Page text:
Send Nudes is the debut collection of short stories from a new voice in literary fiction. Saba Sams’ characters lead us through dingy nightclubs, dating apps, music festivals and their unconventional homes, and leave us reflecting on girlhood in all its complexity. The girls in these stories navigate their intense friendships, ambivalent mothers, uneasily blended families and, ultimately, their own bodies.
Did you set out to write a collection of stories about girlhood or did the connective tissue in these stories develop organically?
I didn’t set out to write a short story collection at all. I was just learning to write, and short stories felt like the best way to do that. I wrote about girlhood because that was the thing that I knew, and those were the characters that came to me. I thought I would go on to write a novel later. Actually I got very lucky, and some of my stories were seen by an editor at Bloomsbury who picked them up. That was really the point that I realised I was writing a collection.
Is there a definitive moment when girlhood becomes womanhood and did writing the stories help you reckon with your own girlhood?
I don’t think there is a definitive moment, and actually it’s exactly that precariousness that the stories are about. For me, girlhood was defined by not quite knowing what I wanted, who I was, or where I fit. That confusion could be debilitating and shameful. Writing the stories did help me reckon with it, in that I came to understand more clearly exactly what I’d been up against. Constructing the continuous swirl of family dynamics, changing bodies and societal expectation within the frame of fiction made me angry at the mess young women are raised in, but also made me impressed that I’d made it out the other side.
In Tinderloin and Snakebite your protagonists find their animal companions to be more dependable than the humans they invest in. Is this a reflection of their age or are adult relationships just as unreliable?
I think my characters who come to depend on their animal companions are learning what they want out of the relationships in their lives. Animals can offer a particularly loyal love, and I find that an interesting model to compare with humans, who so often fall short in the ways that we are capable of loving one another. Adult relationships can certainly be as unreliable as young ones, though I think there is something to be said about learning, over time, what it is that we need.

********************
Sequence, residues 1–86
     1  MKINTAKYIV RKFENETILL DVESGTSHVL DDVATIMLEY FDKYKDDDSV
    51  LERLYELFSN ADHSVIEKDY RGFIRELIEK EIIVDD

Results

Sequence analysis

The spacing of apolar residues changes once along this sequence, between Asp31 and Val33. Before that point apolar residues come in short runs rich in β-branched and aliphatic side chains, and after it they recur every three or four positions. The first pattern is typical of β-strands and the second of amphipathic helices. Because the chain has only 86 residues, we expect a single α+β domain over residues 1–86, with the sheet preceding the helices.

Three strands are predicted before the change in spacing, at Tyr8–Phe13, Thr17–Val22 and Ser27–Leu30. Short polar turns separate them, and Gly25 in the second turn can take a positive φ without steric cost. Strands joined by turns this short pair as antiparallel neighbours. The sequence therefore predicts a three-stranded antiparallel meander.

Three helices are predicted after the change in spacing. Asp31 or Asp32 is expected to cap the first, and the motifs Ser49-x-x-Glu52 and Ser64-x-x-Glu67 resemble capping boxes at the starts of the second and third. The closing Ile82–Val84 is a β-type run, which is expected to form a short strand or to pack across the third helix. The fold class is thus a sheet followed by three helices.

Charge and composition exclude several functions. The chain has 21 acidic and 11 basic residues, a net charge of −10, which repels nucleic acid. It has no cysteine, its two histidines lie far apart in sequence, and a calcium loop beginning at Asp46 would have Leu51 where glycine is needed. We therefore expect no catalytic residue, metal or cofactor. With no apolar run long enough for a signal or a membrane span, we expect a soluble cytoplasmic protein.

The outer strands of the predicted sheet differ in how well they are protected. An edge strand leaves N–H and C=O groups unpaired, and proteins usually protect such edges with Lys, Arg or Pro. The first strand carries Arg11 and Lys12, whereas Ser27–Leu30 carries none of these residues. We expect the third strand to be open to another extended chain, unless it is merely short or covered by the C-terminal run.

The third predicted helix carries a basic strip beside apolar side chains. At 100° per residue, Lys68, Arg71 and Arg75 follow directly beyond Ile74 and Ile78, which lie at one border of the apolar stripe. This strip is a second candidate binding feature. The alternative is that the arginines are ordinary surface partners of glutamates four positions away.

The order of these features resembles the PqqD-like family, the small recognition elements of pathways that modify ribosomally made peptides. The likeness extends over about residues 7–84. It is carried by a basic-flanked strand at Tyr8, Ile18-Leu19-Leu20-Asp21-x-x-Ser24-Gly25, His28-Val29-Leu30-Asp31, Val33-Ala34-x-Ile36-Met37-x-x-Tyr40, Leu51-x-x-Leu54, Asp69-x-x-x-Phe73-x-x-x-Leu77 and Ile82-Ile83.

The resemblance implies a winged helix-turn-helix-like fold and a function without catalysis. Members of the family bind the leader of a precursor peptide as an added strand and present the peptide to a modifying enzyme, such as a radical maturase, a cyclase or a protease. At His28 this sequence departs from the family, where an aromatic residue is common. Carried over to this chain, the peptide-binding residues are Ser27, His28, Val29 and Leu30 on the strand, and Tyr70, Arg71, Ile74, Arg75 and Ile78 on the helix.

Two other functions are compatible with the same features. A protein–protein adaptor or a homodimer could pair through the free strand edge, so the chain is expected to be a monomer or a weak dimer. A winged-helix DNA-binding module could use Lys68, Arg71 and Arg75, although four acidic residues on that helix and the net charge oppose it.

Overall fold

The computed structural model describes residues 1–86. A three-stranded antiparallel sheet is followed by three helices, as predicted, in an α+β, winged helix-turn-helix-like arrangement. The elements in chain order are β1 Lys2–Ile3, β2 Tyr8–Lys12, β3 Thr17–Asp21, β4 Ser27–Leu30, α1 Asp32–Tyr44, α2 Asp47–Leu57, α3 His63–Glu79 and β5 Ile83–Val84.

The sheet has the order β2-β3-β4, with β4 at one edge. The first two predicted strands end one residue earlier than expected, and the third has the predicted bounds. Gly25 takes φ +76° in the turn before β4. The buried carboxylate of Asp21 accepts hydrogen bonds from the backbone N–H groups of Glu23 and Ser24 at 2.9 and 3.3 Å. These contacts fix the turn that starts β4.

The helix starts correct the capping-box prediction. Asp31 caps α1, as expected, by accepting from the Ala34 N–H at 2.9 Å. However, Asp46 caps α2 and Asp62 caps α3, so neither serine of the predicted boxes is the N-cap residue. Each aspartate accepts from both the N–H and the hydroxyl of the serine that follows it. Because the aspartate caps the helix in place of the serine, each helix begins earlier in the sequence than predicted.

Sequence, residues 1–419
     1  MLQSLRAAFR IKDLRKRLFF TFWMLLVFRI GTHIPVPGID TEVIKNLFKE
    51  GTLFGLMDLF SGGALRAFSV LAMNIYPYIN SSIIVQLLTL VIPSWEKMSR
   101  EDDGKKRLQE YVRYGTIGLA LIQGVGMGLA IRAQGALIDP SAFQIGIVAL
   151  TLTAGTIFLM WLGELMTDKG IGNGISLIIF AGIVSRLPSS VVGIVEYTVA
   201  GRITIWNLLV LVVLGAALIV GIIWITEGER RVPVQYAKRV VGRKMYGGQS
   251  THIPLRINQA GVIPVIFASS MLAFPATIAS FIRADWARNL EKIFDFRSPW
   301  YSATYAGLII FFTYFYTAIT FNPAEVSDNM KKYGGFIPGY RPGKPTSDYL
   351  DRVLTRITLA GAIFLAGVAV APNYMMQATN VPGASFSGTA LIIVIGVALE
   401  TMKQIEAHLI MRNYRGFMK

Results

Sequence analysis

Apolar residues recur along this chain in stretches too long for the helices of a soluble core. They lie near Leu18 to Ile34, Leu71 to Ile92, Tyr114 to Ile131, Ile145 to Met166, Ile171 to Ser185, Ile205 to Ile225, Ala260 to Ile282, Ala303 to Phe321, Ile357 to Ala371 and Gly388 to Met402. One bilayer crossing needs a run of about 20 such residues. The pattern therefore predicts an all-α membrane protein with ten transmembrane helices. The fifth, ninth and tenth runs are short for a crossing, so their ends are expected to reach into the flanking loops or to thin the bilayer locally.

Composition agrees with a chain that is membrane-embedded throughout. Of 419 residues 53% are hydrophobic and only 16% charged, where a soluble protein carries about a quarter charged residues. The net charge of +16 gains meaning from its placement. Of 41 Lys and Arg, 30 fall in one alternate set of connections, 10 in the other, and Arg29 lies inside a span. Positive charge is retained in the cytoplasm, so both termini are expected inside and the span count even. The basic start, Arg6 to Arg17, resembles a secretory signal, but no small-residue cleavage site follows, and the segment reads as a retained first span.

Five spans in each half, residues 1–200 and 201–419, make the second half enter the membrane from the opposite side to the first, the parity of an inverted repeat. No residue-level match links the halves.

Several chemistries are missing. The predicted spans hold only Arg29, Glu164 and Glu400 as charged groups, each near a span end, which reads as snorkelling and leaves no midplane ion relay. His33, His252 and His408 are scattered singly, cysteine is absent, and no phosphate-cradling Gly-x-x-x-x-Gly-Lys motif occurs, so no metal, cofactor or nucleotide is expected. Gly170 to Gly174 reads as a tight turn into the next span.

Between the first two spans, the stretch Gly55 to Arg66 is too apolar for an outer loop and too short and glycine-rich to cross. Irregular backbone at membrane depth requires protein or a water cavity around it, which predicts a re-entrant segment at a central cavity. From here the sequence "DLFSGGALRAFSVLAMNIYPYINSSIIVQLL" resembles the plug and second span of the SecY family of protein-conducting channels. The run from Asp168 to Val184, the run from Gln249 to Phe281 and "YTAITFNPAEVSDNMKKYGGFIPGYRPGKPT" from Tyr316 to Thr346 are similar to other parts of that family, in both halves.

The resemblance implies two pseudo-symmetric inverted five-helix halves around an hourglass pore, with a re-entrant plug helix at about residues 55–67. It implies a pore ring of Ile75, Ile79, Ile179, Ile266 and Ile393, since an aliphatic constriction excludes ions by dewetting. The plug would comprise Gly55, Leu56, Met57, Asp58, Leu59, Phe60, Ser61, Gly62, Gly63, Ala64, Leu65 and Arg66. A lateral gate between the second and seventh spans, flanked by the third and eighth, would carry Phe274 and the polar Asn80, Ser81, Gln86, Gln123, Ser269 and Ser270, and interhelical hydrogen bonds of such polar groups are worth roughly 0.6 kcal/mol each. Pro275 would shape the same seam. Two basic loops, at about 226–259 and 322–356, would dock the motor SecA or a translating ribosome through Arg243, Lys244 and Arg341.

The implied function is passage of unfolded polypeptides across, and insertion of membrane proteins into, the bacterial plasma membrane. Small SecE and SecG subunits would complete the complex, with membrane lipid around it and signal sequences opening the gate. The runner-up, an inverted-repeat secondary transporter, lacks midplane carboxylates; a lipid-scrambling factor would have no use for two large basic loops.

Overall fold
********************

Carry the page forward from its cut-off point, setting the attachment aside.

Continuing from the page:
You depict female friendships that border on romantic or obsessive. Why do you think young women forge such intense relationships? And do you have any favourite literary female friendships?
It seems to me that we forge intense relationships over the course of our lives, though perhaps young women in particular are raised on a model of romance that leads them to seek out, or create, such relationships. I couldn’t answer about my favourite literary female friendships without talking about Elena Ferrante. The dark mix of jealousy and devotion that underpins Lenù and Lila’s relationship feels both true and exhilarating. I also love Berie and Sils in Lorrie Moore’s Who Will Run The Frog Hospital? for their breeziness and sharp humour, though the way that Berie worships Sils has those same underpinnings of obsession.
Sending nudes is empowering for the protagonist in your title story. How do young women navigate the line between empowerment and exploitation when sharing images of themselves?
I don’t know if I feel that the character in that story is empowered by sending her nude. Certainly I think there is a thrill in her sense of being seen, and that the act of taking the photo allows her to interact with her body in a way that she finds pleasurable. Neither do I feel that she is being exploited, though it’s always true that women’s desires are partly shaped by the misogynistic culture in which we live. It seems near impossible, as a heterosexual woman, to act out a sexual desire without being cornered by the narrow walls of empowerment versus exploitation. Yes, the two exist, but it is more complicated than pitting them against each other as a stark binary. The title story, for me, is about a brief moment of lightness, a rising out of these binds.
Many of your characters are self-sufficient with absent or complicated relationships with their mothers. Is there an expectation on girls to be independent where boys get more support?
I think that can be true in some families, but it very much depends. There are also times when girls are over-protected and boys get the independence. It seems a good idea to me to raise boys and girls largely the same, and I also know that the more neglectful mothers in my stories would have struggled equally had they ended up with sons. I wrote a lot of self-sufficient young women because I find the combination of naiveté and brazenness an interesting place to inhabit. A character like that can get into all sorts of sticky situations.
Are you working on a novel?
I am but it is very early days. I find the more I talk it about the less capable I feel of actually writing it, so I’m not going to give any more away.
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